4) Build Your Strength. Studies that apply a strength-training program in the elderly and then assess fracture risk are tough to conduct. However, we know that high bone mass is associated with a reduced risk of hip fracture, and it just so happens that strength (resistance) training not only increases muscle mass in older populations, but it is a very effective approach to simultaneously increase bone mass.

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For example, 12 weeks of a heavy squat program in women with osteoporosis/osteopenia yielded 5 percent increases in bone mass of the hip, and a more moderate 18-month program in older men yielded 2 percent increases in hip-bone mass.

5) Keep Playing Sports. There's evidence that people who played sports when they were younger are more likely to have hip fractures later in life.

In one study, the average age of subjects' first hip fracture was about seven years later in life for males that were elite athletes compared with those who were not. While this protection may be at least partly tied to the long-term effects of improved balance and strength training in younger athletes, benefits appear possible in those that are older, as evidenced by senior athletes in high-impact sports having more bone mass than their low-impact counterparts.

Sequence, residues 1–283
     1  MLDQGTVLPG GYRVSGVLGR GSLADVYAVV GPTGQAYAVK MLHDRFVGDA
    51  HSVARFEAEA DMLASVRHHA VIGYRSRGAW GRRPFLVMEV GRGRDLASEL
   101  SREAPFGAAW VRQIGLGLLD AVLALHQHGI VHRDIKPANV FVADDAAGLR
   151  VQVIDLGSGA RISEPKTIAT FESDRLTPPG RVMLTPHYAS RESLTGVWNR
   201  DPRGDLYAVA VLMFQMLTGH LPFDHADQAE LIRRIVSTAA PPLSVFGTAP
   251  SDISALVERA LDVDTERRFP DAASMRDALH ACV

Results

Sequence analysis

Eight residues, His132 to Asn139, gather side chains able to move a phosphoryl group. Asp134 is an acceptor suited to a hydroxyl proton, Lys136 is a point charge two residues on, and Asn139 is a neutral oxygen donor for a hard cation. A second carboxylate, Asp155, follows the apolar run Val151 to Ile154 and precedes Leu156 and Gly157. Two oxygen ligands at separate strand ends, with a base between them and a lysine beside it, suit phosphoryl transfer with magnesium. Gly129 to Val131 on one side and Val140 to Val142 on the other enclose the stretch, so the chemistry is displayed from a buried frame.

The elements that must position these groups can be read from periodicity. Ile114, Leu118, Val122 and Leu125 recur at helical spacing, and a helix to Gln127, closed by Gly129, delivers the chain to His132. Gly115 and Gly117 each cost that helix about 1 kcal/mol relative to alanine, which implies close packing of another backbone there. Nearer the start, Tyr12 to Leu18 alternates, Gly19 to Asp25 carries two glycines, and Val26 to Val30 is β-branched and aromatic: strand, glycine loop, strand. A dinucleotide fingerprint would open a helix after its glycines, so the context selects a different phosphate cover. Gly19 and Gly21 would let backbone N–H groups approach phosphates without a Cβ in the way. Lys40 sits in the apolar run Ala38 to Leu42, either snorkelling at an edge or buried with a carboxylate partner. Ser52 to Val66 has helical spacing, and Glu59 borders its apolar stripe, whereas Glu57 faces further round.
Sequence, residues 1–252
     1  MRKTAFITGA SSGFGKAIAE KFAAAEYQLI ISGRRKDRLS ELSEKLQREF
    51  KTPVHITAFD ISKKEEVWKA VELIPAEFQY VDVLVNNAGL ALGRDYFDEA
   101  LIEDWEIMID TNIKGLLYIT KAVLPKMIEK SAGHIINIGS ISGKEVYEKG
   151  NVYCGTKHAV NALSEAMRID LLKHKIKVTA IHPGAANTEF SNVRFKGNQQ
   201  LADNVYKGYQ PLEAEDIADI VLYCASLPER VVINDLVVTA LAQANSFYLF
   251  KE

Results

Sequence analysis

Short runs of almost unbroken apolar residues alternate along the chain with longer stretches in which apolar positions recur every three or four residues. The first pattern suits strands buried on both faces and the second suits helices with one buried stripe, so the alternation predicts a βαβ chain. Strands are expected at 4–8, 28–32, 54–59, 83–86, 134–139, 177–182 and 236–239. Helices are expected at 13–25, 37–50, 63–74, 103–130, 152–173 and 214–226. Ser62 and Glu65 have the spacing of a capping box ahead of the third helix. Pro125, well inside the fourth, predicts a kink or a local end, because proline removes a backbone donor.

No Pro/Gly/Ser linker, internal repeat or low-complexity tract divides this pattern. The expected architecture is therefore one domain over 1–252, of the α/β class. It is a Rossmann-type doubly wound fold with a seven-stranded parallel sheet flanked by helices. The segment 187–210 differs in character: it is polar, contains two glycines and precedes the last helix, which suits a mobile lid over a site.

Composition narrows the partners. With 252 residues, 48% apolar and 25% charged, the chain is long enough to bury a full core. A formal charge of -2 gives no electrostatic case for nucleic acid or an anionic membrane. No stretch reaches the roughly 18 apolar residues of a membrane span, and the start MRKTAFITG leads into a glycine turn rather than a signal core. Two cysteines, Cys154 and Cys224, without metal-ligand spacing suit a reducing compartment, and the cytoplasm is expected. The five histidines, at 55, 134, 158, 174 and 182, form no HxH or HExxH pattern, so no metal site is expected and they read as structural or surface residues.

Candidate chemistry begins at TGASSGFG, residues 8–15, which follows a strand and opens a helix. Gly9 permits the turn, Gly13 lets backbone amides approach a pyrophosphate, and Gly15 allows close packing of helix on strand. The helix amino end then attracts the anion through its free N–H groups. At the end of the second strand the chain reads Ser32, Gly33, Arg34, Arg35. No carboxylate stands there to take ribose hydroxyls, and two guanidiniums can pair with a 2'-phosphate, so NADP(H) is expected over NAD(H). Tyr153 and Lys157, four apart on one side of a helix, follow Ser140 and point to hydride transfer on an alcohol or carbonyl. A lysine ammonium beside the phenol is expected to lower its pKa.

So, once you work through the four tips above, adding some recreational sport activity may be a good way to round out your fitness and keep your hips strong as you age.

Readers -- Have you ever suffered a hip fracture? What steps do you take to stay healthy and fit as you get older? Did you find this article helpful? Leave a comment below and let us know.

Hayden-William Courtland, Ph.D., has an extensive background in basic science and medicine that spans the disciplines of biochemistry, anatomy and physiology, orthopedics and endocrinology. He also has an extensive background in strength and conditioning (CF-L2, CSCS and USAW Club Coach). Connect with Hayden on his website, Facebook, Twitter and Instagram.